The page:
Non-Digital: The Arcane Mysteries of Descriptive Game Design


I wrote about the booklet Manhattan 2010 here. It was an attempt to map out a childhood roleplaying game as a playable design.

In conceptual terms, there’s something very interesting going on here. Almost all game design is prescriptive. “This is how I think you should play the game.” However, in Manhattan 2010, the design is descriptive. “These rules are an attempt to capture a game that was actually played.”

A common goal for prescriptive game design is to make a game that works. A good game. The goal for the much rarer descriptive game design is to reflect the play that’s being described accurately.

Descriptive game design is so rare, in fact, that Manhattan 2010 is the only example I can think of. It’s elevated by the fact that its authors didn’t fudge it to make a good game. Instead, they tried to follow the nature of the original game as closely as possible. Perhaps the difference is highlighted in this game by the fact that Manhattan 2010 describes a childhood game with all its weird peculiarities.


Year’s ago, I played in Mike Pohjola’s tabletop campaign Tähti. We played the members of a girl band in a near future cyberpunk world. The game was a great success, and Pohjola decided to use it as the basis for a published tabletop game book.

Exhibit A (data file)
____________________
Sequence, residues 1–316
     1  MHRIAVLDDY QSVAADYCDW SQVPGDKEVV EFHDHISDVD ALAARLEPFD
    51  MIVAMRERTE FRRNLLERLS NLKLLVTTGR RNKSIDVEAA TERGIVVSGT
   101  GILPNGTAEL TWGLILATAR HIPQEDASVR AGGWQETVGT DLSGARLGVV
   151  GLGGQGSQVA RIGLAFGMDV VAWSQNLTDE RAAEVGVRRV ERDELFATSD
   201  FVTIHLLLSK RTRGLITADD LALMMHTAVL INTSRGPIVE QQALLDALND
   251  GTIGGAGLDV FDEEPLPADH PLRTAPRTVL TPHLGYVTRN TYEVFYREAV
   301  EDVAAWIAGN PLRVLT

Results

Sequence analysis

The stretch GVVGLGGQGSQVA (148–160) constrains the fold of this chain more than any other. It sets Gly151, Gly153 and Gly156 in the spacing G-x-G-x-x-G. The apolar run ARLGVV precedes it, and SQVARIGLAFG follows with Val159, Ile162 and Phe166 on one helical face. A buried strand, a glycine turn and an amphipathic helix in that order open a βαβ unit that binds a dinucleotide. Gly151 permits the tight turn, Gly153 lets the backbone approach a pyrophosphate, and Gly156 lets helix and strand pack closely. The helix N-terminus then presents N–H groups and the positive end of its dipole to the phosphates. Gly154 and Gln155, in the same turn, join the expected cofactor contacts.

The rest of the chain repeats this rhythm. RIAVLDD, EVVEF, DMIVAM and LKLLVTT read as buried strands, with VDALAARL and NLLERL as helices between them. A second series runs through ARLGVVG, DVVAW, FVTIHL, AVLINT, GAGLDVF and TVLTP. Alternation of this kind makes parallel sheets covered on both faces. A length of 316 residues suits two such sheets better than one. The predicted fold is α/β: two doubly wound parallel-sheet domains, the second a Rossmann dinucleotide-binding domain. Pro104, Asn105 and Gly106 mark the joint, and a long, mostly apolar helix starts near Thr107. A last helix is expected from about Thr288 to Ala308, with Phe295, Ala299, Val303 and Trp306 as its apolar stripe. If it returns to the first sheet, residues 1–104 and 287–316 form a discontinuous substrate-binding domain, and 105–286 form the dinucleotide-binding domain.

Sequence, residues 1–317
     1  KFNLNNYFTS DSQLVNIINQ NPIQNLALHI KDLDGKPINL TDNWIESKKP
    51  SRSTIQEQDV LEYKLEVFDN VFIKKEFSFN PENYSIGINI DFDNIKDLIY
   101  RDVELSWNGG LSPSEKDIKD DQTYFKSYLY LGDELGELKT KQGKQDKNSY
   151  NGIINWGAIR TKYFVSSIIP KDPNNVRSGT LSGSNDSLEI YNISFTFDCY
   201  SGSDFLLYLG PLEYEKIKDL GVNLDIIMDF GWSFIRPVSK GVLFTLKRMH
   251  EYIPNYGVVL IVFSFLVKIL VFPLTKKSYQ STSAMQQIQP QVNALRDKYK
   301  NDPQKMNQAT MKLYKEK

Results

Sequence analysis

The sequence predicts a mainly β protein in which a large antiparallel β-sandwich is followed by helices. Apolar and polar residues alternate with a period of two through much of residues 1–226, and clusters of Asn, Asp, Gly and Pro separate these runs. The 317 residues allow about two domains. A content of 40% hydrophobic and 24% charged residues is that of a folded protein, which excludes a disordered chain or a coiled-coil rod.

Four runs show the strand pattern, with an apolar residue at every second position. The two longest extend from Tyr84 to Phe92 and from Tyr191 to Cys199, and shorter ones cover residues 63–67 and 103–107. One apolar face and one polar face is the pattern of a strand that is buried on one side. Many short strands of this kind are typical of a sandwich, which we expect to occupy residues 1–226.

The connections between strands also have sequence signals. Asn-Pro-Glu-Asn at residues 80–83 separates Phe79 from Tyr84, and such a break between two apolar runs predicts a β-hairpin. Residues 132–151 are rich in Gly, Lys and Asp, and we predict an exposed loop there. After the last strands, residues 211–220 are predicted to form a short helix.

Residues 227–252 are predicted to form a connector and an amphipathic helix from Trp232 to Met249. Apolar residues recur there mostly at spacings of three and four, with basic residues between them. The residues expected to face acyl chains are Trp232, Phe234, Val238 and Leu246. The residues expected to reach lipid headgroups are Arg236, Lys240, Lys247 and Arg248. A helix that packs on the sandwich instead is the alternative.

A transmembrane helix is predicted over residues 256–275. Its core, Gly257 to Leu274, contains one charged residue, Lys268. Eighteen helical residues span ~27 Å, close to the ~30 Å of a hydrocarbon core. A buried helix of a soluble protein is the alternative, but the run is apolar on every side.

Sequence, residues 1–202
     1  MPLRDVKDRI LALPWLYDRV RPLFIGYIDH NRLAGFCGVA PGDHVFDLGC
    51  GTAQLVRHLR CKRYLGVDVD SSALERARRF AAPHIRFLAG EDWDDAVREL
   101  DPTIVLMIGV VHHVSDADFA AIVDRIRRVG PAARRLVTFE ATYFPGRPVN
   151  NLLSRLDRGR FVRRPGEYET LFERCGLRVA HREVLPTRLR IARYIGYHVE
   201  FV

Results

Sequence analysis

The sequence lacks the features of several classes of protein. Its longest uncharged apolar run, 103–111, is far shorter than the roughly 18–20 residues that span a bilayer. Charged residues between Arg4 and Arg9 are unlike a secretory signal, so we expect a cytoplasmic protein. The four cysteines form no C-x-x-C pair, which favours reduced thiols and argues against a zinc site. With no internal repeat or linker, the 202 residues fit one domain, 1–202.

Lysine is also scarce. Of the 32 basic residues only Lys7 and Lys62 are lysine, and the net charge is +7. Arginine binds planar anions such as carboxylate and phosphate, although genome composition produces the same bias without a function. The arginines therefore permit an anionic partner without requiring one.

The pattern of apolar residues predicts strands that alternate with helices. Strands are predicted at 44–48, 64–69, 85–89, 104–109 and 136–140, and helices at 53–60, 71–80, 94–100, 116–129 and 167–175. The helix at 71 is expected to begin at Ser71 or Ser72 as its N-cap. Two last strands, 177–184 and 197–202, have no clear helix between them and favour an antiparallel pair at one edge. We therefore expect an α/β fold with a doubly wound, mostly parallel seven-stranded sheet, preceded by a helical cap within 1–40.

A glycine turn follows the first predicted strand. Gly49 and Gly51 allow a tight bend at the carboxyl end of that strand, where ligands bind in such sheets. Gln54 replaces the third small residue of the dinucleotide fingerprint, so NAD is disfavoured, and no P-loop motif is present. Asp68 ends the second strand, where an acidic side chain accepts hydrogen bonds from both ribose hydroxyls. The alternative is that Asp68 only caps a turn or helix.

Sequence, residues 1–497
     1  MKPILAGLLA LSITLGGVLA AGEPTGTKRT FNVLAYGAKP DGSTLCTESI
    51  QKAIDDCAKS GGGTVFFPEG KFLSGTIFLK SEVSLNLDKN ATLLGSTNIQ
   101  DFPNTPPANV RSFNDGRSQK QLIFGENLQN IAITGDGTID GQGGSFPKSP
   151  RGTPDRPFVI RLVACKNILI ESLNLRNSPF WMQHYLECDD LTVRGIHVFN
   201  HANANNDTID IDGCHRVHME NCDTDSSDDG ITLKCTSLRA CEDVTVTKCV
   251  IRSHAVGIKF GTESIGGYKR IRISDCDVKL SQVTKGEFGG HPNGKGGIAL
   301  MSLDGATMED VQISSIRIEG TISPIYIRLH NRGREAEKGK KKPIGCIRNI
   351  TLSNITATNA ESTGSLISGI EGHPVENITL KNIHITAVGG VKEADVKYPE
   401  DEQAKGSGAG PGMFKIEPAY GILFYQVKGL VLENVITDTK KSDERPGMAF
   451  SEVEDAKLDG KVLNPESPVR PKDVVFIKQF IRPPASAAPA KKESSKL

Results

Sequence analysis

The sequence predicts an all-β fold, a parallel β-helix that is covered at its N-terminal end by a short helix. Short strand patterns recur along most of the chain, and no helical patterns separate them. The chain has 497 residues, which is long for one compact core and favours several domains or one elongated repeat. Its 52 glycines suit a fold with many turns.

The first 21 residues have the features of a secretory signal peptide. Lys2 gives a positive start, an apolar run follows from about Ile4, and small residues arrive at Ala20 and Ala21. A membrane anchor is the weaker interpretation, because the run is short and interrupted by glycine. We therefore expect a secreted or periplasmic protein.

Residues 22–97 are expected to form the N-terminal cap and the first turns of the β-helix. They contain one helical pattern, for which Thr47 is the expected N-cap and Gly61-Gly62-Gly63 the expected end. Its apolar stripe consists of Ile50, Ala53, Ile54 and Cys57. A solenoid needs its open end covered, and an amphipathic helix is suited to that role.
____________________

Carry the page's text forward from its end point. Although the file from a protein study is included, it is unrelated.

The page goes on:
Unlike the designers of Manhattan 2010, Pohjola chose to go the more conventional and perhaps appealing route of using a private game as fodder for the construction of a playable set of instructions. The published Tähti didn’t reflect all the quirks and diversions of the actual tabletop campaign, choosing instead to streamline the whole thing into something approachable and fun.

For someone who had actually played in the original campaign, the experience of reading the published book was almost alienating. “This was not the game we played.”

Trying to think of a descriptive game I could make, I’m drawn back to my childhood games, the same as the authors of Manhattan 2010. My descriptive game would be set in the fantasy world of Mystara, the setting of a certain incarnation of Dungeons & Dragons. It would be a GM vs. players game. The goal of the players would be to move their characters to the border of the map, and the goal of the GM would be to move the characters to Alfheim, because elves were cool.

(If you’re wondering why the player characters were going to the edge of the map, you’ll have to go back in time to ask my twelve-year old players.)

Other mechanics would involve exchanging candy for experience points and conspiring with the GM to kill another player’s character.

These examples of descriptive game design are rather marginal. Anyone come up with a more meaningful use for this concept?

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